After playing a key role in restoring the conservatives to power in Ontario, Peter could have easily retreated to the backrooms, or focused on other endeavours. But in 1999 he set out to capture the presidency of the federal PC Party. The party had slightly recovered from its annihilation in 1993, but it had lost its leader Jean Charest to Québec politics, and had just elected 60ish Joe Clark to replace him (and, as I am always obliged to say, voting for Joe in 1998 is the only vote I wish I could take back).
It was a hotly contested race between Peter and Oakville businessman and former PC candidate Stephen Sparling, but Peter ended up with approximately 70 per cent of the vote. In fact, it turned out to be the last contested presidential race in the PC Party’s history. Peter had a detailed platform, but one of his key promises was that he would forego the usual $80,000 annual salary paid to the party president, in deference to the party’s multi-million dollar debt. (When it was revealed the following year that the party was supplementing Joe Clark’s salary by more than $150,000 annually, it made for a poor contrast, to say the least.)
Unfortunately, Peter’s success in the provincial party was not mirrored at the federal level, despite his efforts. In early 2000, just a few months after Peter was elected party president, the Reform Party would morph into the Canadian Alliance and launch a leadership race. The effects on Progressive Conservatives in Ontario were particularly painful. Peter saw dozens of friends, candidates and MPPs he had helped, abandon the federal PC party to support CA leadership candidate Tom Long.
Then in the fall of 2000, Peter was accused of disloyalty to the leader. The allegations were untrue, but Joe Clark’s public comments made it clear that he did not trust his party president, and Peter felt he had no option but to resign.
Joe Clark regarded his achievement of 12 seats in the election that soon followed – the bare minimum required for party status – to be sufficient victory. And he held on to the leadership until just prior to a scheduled review vote in 2002. But after yet another near-death experience, and with fundraising stagnant, many in the party felt that some type of accommodation would have to be reached with the Canadian Alliance.
In 2001, Peter participated in an effort labelled Forward Thinking, aimed at getting the party to look at working with the Alliance. Several PC MPs were receptive, but Clark and many remaining party stalwarts, not to mention the Orchardistas, would not be moved. Clark’s intransigence, coupled with new CA leader Stephen Harper – who campaigned on a plank of “not playing telephone tag with Joe Clark” – made the prospects for accommodation seem utterly hopeless. In any event, a provincial leadership was underway during this time, meaning there was little time to stew over federal matters.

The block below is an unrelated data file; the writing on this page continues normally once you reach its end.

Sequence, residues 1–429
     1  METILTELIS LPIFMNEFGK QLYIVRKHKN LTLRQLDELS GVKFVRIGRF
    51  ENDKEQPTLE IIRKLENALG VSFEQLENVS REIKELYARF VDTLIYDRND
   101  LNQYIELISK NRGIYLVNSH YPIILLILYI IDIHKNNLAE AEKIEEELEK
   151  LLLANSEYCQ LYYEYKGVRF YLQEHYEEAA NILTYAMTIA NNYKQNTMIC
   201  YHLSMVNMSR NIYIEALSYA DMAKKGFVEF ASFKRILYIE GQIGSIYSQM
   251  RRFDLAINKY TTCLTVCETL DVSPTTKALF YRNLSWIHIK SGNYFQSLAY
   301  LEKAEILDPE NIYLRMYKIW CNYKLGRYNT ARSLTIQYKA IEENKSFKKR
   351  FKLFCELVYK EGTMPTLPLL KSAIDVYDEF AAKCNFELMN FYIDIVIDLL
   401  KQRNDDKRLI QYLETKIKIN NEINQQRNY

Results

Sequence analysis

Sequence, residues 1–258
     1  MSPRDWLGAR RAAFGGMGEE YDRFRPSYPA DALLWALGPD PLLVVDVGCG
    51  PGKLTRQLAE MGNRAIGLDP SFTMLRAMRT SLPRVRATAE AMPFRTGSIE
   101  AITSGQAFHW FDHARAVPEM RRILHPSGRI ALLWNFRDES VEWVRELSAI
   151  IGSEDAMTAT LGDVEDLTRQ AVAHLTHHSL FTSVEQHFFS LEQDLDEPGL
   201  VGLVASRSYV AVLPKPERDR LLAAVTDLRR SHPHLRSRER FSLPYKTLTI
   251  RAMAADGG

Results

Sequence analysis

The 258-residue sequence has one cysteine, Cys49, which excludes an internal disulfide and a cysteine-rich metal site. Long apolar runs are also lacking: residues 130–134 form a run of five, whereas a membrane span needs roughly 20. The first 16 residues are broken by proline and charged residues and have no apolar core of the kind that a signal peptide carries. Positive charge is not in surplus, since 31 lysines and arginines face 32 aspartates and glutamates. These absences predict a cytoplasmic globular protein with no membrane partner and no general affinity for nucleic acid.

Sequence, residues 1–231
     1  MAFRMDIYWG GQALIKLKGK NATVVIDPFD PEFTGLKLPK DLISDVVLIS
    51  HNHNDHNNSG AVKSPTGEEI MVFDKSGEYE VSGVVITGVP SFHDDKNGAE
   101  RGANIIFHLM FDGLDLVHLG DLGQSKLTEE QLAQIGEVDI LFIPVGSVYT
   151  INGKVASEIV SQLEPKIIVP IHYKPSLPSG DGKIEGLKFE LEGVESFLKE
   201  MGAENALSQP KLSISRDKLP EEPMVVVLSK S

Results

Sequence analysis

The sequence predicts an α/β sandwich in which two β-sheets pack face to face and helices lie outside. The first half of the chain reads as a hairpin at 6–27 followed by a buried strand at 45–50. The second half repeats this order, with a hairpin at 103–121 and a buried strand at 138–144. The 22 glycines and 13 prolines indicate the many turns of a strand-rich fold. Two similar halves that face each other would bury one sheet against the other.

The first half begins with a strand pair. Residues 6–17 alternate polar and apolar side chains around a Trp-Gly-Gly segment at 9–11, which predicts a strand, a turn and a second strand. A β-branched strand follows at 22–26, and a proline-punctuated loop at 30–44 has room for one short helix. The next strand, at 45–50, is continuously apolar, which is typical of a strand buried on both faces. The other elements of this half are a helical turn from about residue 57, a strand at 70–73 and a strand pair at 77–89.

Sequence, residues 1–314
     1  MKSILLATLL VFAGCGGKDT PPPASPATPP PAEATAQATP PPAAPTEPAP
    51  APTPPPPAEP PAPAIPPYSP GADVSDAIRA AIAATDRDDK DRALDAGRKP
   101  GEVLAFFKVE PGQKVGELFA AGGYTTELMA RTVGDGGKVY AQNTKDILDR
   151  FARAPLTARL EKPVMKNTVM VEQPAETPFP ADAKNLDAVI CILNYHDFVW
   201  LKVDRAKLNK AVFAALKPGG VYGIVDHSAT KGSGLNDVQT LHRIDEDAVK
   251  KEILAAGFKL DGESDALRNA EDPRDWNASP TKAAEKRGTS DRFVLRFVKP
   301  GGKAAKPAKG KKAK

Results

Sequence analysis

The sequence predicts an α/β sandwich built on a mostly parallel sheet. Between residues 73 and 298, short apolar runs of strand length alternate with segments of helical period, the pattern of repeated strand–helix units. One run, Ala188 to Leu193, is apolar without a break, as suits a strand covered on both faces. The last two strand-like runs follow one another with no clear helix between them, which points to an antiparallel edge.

When Peter MacKay and Stephen Harper made their historic agreement in October of 2003, Peter led the Yes! campaign to ensure the deal would be ratified overwhelmingly by the party. Never one to presume an easy victory, it was his idea to publish a full-page ad in the Globe and Mail listing several hundred recognizable names who supported the pact. This ensured that there was little reneging when the inevitable harping and second-guessing took place leading up to the December vote. When the results of the ratification vote were announced in Ottawa, Peter’s hand was among the first to be shaken by Peter MacKay.
When Peter set his cap for the nomination in York-Simcoe – home of his family’s farm – he brought to the nomination campaign the same running-from-behind attitude that he applied to all campaigns. On nomination night it ensured him a first-ballot victory. What a thrill it was during the 2004 general election to see a huge semi-trailer parked on the east side of Highway 400, announcing his name and slogan “Change for the Better” to hundreds of thousands of commuters and cottage-goers. He handily defeated the Liberal candidate.
Peter managed to increase his margin of victory in his re-election effort in January, despite devoting some of his time to the central campaign. When Peter was not named to cabinet in February, I tried not to be too disappointed, knowing that – barring a sex change – Peter’s appointment would not fulfil any demographic imperatives. But I knew that Peter’s time would come. And so it has.